Cake
  • Log In
  • Sign Up
    • Yeah, #vanlife. It's all the rage these days. Driving a sweet new Sprinter van rig through beautiful mountains seems like the new hipster thing to do. But the thought is kinda enticing, even to an old school dirtbagger like myself. What are your thoughts about the van life trend? Is camping in vans that much better than in an RV, trailer, tent, car, truck, etc.? I think the van life is overhyped. Curious to get opinions.

      What do you travel / camp in?

      Photo credit: insta_repeat

    • I have been dreaming of having a nice Sprinter Van for those epic getaways or just some long weekends far and remote. In fact, I subscribe to and watch a few YouTube channels like WTR (We're The Russos) that document everyday van life. Turns out the real van life isn't as glamorous as pictured on Instagram, but there are still many interesting stories and lessons to learn from. Since starting to watch WTR channel along with a few others, I've realized that this lifestyle is only possible under certain conditions:

      1. Complete independence from working specific hours.

      2. Steady income stream regardless of the work load, or enough savings in the bank.

      3. Embracing and living a spartan lifestyle. Van just can't fit all of my stuff 😭

      I also tried to calculate how much time I need to travel in order to make purchasing a Sprinter van worth while, but the math just doesn't add up. I would have to travel a few months every year, yet still pay rent... So financially this doesn't make sense.

      I still dream about this van life and even have my favorite van conversion company Outside Van bookmarked just in case... But I keep dreaming of this van:

      Image credit: Outsidevan

    • Many years ago, long before #vanlife was really even a thing (and long before hashtags were even a thing), I thought it might be cool to ditch my house and live in a van and travel around the country working remotely.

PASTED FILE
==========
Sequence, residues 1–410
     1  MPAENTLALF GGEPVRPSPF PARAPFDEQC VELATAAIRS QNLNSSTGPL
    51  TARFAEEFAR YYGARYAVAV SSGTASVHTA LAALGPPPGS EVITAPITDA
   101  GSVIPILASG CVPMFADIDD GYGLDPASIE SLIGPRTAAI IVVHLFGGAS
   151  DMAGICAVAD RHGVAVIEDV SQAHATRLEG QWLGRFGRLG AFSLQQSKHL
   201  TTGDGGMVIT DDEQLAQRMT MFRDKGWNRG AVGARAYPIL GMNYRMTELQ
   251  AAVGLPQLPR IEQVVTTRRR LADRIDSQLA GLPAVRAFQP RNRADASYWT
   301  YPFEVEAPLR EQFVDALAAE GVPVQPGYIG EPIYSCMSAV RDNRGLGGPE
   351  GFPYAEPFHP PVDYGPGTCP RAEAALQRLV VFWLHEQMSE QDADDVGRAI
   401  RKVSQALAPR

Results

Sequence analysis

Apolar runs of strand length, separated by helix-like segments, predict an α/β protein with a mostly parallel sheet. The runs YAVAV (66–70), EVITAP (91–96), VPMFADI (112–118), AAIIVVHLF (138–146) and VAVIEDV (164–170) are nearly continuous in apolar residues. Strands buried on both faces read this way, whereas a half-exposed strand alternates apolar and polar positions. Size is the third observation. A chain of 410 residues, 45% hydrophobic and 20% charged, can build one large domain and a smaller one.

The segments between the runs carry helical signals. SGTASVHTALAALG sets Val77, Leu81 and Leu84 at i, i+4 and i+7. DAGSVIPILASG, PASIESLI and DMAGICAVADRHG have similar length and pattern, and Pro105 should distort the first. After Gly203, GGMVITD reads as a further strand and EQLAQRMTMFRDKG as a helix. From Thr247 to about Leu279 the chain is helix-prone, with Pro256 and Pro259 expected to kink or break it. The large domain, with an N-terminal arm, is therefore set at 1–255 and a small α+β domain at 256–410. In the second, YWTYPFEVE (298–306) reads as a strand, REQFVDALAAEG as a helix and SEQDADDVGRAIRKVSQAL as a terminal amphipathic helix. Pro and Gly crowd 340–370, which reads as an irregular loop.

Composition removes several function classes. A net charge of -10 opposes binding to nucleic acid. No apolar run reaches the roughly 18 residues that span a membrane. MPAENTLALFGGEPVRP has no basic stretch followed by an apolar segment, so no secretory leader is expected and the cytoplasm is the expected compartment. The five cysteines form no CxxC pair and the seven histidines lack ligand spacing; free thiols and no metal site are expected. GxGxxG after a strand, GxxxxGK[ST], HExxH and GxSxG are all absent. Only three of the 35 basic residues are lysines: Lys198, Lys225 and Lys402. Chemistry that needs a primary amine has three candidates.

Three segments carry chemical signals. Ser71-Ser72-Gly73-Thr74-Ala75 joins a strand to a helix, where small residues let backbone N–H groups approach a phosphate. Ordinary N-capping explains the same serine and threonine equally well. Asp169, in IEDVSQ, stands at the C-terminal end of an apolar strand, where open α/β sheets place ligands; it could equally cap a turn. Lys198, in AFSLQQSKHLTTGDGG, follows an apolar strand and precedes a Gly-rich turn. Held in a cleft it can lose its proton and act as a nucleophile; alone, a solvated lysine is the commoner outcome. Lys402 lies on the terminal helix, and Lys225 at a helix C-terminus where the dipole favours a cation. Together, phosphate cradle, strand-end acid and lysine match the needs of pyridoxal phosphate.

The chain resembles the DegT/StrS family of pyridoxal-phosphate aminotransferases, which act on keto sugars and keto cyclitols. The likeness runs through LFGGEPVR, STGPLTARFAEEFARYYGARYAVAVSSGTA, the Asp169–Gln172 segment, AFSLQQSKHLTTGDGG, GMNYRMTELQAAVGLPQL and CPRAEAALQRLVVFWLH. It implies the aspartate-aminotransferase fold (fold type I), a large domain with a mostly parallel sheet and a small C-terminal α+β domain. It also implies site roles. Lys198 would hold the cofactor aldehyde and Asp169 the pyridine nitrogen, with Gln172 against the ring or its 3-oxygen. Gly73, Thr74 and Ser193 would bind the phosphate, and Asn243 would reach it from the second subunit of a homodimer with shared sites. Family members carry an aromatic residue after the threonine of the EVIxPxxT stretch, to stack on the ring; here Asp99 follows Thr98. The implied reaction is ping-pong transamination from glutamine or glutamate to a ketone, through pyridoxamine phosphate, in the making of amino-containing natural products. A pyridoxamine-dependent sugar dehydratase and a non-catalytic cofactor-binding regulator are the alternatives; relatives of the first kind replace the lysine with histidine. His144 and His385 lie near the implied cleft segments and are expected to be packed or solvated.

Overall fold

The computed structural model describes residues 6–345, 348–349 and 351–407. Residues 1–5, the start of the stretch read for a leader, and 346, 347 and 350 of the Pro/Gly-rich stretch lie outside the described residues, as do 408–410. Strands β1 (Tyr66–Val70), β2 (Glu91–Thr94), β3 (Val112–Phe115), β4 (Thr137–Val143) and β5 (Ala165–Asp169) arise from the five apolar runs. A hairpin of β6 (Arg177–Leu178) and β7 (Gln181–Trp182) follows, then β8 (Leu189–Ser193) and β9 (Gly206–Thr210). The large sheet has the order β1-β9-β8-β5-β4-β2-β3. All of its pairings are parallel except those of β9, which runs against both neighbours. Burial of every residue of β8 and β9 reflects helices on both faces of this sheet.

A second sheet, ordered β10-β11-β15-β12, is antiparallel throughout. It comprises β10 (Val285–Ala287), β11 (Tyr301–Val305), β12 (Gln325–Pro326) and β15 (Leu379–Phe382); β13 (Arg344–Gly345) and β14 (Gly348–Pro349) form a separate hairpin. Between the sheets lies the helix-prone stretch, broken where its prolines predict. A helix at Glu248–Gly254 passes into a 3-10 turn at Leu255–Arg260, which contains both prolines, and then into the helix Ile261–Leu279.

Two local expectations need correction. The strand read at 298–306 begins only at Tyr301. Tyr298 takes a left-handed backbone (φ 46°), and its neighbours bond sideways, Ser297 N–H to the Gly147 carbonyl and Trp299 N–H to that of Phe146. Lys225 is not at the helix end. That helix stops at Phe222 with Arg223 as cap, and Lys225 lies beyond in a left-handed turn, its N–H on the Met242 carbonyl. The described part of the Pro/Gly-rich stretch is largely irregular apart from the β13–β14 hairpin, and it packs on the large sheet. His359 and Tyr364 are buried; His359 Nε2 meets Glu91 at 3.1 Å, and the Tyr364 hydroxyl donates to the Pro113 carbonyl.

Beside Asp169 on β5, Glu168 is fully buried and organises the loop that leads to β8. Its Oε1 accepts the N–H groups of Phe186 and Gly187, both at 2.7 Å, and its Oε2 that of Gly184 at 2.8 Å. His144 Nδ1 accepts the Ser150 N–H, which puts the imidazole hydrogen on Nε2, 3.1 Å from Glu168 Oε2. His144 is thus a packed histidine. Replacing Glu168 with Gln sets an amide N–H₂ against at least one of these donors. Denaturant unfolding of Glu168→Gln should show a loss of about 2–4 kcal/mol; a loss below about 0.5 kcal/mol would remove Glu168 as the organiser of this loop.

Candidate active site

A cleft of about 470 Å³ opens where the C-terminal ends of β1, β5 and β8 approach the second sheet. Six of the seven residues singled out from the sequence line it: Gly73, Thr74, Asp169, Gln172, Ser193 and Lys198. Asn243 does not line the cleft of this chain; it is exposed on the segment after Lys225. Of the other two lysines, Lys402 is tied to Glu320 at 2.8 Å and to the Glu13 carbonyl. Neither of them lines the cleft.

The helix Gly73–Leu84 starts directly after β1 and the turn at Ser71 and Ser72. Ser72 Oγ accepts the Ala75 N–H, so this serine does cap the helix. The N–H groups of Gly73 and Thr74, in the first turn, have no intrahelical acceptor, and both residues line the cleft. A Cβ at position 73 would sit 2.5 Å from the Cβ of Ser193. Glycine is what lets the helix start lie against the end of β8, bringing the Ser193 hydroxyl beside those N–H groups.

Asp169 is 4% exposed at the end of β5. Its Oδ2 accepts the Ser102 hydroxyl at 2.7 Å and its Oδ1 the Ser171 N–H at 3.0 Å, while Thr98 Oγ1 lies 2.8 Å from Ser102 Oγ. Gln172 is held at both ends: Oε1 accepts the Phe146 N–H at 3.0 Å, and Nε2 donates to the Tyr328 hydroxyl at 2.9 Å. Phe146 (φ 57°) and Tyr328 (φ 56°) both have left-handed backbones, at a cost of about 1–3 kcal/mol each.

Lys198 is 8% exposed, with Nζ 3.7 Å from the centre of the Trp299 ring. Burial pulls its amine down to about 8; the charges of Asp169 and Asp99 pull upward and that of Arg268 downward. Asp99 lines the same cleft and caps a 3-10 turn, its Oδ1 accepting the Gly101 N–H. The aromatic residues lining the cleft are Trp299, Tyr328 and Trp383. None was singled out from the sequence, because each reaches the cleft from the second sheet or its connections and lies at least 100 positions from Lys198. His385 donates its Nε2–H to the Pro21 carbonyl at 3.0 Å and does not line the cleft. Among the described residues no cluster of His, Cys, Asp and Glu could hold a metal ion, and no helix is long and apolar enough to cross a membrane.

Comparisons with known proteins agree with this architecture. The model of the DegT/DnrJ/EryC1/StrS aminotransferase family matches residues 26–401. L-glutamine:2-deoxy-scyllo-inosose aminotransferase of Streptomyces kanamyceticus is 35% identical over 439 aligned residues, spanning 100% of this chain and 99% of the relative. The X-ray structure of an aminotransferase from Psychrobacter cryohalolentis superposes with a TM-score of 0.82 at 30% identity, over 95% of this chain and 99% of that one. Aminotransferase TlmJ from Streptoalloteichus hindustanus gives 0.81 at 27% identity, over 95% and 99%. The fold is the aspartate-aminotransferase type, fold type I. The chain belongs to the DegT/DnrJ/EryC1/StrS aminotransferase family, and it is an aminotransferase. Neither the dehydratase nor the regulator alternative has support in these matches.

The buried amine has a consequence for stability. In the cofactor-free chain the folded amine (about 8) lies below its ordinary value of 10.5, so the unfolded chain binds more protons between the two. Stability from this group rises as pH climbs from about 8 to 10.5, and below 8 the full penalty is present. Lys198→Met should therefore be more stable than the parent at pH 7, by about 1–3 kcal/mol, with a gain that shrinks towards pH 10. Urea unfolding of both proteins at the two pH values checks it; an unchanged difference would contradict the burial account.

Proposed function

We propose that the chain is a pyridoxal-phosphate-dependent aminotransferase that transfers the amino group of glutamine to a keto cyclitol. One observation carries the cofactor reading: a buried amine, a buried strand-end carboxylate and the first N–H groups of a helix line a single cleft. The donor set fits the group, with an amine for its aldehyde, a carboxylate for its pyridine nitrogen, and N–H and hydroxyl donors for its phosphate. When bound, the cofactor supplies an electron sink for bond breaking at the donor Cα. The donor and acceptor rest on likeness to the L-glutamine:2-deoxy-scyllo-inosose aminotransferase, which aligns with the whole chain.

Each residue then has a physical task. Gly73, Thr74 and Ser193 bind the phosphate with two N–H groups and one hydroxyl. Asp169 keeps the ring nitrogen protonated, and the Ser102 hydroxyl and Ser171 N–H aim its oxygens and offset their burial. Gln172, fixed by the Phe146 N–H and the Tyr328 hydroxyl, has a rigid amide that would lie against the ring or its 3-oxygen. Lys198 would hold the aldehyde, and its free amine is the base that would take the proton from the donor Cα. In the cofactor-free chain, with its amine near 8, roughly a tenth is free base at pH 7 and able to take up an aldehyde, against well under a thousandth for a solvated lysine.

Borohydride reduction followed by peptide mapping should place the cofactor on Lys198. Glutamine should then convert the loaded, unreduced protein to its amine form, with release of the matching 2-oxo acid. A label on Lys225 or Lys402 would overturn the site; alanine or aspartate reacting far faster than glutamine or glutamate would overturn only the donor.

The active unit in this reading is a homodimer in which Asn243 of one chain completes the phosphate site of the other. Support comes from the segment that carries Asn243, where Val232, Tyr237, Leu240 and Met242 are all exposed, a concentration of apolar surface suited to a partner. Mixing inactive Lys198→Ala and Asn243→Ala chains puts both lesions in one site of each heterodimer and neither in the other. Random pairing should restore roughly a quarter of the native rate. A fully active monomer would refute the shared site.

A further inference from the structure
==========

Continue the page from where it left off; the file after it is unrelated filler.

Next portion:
But then I spent a lot of time researching it and figuring out all the logistics, and the more I figured out the more I realized what an enormous pain in the ass it would be. I like my comfy bed and my warm shower and my unlimited electricity and my privacy and all the other comforts that come with having a permanent home. 🛌

      Leaving those things behind for a week or two can be a fun adventure, but any longer than that and I think I'd go nuts.

    • Wife and I will be embarking on a 18-24 month #vanlife around the UK and Europe early next year living in a campervan.
      We've sold the house and will be using funds from that for the trip. We were planning on doing the trip in retirement but given both of us have health issue we decided to do it now while we know we still can.

    • Same. The math doesn't check out. But don't get me wrong. I do dream of a van ring.

      My ideal criteria for a vehicle for an adventure vehicle:
      1. 4x4 for off road access and snow travel
      2. Not a trailer for better gas mileage and to avoid the 55MPH trailer hauling limit
      3. Enough volume for a bed and gear storage. Approximately 60 cubic feet for my ideal travel lifestyle.
      4. Newish for a reliable drive train and eco engine for decent MPG

      And then I end up with a $100k+ Sprinter extended, high roof 4x4 rig. Saying in the Ritz-Carlton is cheaper per night.

      I'm thinking I'll sacrifice #2 so I can get an old trailer rig on Craigslist and buy a small truck, like a Tacoma to tow it. I'll park the trailer at the campground, and still have 4x4 access with the truck.

    • Can a taco tow much? You'll probably have a pretty small list of trailers that fit under the tow limits of a taco.

      I've found that snow travel really changes the game. To get a rig ready for winter use requires enhancements (or concessions) alot of people don't consider. If you're actively using the rig as, like, a slope-side home-base, you will need to either ignore the onboard plumbing and keep your water supply and waste contained inside, or spring for some pretty extensive plenum heating arrangements, like heating pads on the tanks. In fact, with all the salt on the roads, it is helpful to just completely seal off the plenum and have that space heated. Heat requires power. So one has to sort that out too.

      If I ever go with a class b arrangement, I swear to god I'm going to use it to pick up groceries and make starbucks runs, because there's no way in hell I'm buying a diesel engine just to use 3 or 4 times a year.